The Lunar New Year holiday reaches its climax with Yuan Xiao (元宵节—yuán xiāo jié), or the Lantern Festival. Our middle grades Chinese classes wrapped up our Lunar New Year festivities by celebrating this holiday. The New Year is a time reserved for families—there is the reunion dinner on New Year’s Eve, visits (拜年—bài nián) to in-laws on the second day and neighbors after that. Stores reopen on the fifth day and society goes back to normal. But during the Lantern Festival, everyone—regardless of age or gender—goes out onto the streets to celebrate. Though the Lantern Festival symbolizes reunions (more on that later), it’s also a time of socializing and freedom.
To kick off the celebration, our students first learned about this festival’s 2,000-year history. This holiday honors family reunions and society, and features ancient spiritual traditions. In ancient China, women usually weren’t allowed out the house. But on this night, they could stroll freely, lighting lanterns, playing games and interacting with men. The wild, romantic stories associated with this holiday are why some say the Lantern Festival is the “true” Chinese Valentine’s Day, rather than Qixi (七夕) .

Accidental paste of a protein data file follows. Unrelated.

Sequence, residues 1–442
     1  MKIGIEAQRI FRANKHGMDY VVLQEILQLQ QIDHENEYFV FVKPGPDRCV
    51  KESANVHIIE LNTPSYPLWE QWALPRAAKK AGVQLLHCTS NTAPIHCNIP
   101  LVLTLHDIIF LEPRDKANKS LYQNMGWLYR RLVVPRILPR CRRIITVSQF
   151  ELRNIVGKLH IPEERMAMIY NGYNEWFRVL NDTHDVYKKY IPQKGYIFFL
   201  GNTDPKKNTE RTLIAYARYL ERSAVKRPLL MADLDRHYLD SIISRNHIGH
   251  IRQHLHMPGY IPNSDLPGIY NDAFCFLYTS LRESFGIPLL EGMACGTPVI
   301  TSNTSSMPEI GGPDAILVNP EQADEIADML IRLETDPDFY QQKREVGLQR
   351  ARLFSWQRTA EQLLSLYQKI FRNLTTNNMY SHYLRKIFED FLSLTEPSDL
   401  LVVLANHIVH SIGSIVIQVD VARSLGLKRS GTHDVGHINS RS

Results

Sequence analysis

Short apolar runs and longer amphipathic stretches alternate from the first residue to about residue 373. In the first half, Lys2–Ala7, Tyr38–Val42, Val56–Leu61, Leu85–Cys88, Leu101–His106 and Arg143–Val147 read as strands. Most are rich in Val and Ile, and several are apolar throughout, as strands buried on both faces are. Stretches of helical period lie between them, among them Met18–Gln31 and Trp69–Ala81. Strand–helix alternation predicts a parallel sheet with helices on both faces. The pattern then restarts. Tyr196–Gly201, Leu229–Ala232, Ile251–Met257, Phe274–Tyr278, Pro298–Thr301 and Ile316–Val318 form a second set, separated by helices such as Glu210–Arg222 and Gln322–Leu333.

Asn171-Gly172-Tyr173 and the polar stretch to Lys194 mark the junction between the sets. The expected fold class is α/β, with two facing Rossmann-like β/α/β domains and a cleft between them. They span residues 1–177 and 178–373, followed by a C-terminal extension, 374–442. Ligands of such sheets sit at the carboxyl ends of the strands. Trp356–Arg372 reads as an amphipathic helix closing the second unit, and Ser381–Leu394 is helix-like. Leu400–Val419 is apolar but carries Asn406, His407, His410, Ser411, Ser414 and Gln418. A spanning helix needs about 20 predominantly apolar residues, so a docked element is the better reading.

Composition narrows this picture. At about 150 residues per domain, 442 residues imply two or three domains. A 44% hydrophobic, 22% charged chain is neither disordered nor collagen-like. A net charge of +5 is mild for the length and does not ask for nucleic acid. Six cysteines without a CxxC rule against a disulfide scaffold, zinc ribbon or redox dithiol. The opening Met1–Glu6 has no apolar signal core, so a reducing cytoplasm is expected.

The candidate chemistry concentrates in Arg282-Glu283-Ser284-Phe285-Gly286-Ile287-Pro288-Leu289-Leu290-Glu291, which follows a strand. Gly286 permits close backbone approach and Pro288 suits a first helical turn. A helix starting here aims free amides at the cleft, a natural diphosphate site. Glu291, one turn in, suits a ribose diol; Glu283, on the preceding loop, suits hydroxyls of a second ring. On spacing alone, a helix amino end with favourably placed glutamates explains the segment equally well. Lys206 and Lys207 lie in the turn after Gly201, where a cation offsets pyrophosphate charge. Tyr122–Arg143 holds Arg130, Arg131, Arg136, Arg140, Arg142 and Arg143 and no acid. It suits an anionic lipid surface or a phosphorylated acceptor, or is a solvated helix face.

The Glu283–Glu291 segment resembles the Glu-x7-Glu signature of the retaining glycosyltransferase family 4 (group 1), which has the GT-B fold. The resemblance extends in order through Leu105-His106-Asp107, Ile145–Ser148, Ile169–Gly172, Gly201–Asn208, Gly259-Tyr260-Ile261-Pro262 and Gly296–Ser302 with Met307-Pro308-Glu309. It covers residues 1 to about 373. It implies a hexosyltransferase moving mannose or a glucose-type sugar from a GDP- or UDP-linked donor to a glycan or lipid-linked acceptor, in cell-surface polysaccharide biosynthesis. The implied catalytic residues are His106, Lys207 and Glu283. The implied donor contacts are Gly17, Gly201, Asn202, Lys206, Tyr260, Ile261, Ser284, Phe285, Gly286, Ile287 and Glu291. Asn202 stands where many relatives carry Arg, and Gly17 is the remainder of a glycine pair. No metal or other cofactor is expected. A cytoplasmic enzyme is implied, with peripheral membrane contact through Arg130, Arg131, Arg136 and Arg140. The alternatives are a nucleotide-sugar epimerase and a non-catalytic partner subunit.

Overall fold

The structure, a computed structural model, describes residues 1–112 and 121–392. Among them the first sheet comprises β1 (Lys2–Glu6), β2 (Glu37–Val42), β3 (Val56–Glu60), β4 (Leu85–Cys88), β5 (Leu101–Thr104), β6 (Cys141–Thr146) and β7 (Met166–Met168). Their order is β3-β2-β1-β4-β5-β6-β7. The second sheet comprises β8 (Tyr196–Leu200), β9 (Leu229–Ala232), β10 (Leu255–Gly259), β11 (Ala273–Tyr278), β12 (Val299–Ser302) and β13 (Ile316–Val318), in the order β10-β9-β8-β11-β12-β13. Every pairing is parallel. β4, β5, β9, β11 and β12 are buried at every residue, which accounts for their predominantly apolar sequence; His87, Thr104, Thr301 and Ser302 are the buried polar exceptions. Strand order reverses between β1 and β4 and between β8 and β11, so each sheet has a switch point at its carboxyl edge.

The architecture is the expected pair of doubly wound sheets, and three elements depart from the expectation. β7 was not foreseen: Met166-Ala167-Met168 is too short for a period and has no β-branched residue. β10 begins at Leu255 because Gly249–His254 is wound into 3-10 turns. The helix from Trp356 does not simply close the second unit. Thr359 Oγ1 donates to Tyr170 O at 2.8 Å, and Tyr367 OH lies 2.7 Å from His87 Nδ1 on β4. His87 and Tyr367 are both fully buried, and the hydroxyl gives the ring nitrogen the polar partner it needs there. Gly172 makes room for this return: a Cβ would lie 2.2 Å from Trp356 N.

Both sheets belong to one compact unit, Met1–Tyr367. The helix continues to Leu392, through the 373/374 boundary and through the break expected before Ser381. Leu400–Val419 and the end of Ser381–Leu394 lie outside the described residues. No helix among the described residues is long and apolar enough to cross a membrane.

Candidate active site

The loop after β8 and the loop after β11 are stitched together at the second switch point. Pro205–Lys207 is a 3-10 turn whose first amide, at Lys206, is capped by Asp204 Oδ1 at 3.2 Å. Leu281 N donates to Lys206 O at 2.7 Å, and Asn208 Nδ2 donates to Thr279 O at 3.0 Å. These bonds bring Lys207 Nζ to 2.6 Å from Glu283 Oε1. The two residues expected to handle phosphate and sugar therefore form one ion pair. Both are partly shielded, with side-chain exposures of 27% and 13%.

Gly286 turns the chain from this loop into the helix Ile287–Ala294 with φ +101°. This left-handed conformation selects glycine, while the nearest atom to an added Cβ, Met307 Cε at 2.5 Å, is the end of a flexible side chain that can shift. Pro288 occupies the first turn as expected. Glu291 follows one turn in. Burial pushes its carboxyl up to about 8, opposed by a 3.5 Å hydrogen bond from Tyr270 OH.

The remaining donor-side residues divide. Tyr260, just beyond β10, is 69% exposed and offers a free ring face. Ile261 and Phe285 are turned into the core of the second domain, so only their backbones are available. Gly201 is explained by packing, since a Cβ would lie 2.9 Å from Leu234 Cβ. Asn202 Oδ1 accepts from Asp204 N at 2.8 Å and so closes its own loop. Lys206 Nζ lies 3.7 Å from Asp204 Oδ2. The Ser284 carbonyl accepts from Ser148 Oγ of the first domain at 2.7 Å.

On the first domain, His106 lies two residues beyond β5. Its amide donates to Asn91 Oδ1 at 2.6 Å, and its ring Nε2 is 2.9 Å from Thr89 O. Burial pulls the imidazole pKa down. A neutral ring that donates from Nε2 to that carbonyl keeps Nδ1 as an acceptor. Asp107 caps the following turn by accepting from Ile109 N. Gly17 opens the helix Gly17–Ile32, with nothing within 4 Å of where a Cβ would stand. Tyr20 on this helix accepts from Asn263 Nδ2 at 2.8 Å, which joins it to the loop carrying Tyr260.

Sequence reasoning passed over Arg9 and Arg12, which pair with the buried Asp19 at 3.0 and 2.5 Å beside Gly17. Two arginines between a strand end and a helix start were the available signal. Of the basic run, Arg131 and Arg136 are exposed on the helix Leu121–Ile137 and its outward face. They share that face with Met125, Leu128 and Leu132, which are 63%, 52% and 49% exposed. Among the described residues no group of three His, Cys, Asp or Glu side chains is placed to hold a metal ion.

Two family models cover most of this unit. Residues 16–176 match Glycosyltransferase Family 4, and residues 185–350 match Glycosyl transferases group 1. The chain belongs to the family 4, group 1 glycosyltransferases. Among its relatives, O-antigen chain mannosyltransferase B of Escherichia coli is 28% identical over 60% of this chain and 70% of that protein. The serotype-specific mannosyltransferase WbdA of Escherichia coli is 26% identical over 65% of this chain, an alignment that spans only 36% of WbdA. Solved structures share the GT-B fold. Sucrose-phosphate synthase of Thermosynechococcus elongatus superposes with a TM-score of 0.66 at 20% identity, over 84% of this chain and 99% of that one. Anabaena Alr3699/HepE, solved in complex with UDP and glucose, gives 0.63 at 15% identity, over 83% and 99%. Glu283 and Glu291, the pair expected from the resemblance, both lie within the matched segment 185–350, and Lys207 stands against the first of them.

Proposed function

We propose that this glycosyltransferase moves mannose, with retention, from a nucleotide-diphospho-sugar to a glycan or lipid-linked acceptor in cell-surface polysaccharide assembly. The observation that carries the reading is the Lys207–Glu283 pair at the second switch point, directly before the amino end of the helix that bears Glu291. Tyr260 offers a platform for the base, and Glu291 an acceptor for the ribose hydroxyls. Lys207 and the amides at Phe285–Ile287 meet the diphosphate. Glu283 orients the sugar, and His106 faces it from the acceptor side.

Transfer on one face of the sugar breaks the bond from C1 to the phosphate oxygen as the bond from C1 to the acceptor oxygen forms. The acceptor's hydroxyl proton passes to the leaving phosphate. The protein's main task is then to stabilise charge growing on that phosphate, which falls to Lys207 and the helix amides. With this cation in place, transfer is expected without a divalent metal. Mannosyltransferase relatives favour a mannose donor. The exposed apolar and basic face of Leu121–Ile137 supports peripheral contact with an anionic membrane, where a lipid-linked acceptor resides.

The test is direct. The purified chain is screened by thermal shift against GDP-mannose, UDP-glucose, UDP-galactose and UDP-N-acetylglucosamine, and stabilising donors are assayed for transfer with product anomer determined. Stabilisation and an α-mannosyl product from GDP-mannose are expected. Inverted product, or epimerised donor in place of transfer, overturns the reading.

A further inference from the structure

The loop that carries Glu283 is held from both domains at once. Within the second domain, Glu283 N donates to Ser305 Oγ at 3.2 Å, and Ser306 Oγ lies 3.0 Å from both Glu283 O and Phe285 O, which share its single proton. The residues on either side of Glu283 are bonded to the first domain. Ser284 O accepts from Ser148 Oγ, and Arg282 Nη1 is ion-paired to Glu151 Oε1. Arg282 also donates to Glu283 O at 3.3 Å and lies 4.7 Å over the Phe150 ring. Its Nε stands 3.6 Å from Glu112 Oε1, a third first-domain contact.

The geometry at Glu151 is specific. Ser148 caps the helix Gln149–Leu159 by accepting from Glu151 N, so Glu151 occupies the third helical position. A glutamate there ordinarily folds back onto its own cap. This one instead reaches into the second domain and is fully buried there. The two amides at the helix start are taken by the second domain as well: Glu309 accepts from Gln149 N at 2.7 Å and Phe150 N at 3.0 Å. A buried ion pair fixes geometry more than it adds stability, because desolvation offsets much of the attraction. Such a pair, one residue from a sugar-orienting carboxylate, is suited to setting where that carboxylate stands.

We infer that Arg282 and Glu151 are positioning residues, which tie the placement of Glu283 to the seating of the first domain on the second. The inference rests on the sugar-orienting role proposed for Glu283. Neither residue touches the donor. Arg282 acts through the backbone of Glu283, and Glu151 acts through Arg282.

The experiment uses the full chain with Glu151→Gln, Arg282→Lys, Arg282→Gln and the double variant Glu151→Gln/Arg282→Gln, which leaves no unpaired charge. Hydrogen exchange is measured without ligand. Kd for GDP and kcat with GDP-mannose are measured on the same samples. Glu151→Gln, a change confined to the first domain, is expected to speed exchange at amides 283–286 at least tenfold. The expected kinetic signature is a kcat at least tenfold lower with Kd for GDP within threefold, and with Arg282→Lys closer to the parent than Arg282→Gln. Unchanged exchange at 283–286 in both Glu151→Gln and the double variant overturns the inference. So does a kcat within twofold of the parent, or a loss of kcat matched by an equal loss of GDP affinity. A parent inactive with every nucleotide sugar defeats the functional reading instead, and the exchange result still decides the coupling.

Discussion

As the name implies, lanterns are an important part of the festival. Many different types of lanterns can be used to celebrate the holiday; they can take the form of small globes that fit in the palm of your hand, or gigantic ones as large as a parade float. Symbolic designs can be used as well. Our students were excited to make their own lanterns to send out good wishes. As part of another festival tradition, people write riddles on their lanterns, and everyone tries to solve one another’s riddles. The students had fun sharing their favorite riddles with the class.
There’s more to the festival than lighting lanterns and guessing riddles. Other activities include moon gazing, lion dances, dragon dances and eating rice balls. Our students particularly enjoyed watching videos of lion and dragon dances. The trademark food of the Lantern Festival is called yuan xiao, just like the festival itself. These are glutinous rice dumplings with sweet fillings made of syrup, red bean paste, black sesame paste or more. They can be steamed or fried, but are usually boiled and served in hot water. We boiled our yuan xiao in hot water with brown sugar in it. Students loved that we ended our Chinese New Year celebrations by having one of the tastiest Lunar New Year desserts in class.